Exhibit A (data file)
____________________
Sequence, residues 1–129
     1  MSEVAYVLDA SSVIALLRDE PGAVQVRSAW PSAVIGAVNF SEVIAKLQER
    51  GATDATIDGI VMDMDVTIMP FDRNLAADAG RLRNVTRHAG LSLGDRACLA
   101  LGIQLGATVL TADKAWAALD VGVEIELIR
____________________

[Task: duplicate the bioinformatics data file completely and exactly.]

Sequence, residues 1–129
     1  MSEVAYVLDA SSVIALLRDE PGAVQVRSAW PSAVIGAVNF SEVIAKLQER
    51  GATDATIDGI VMDMDVTIMP FDRNLAADAG RLRNVTRHAG LSLGDRACLA
   101  LGIQLGATVL TADKAWAALD VGVEIELIR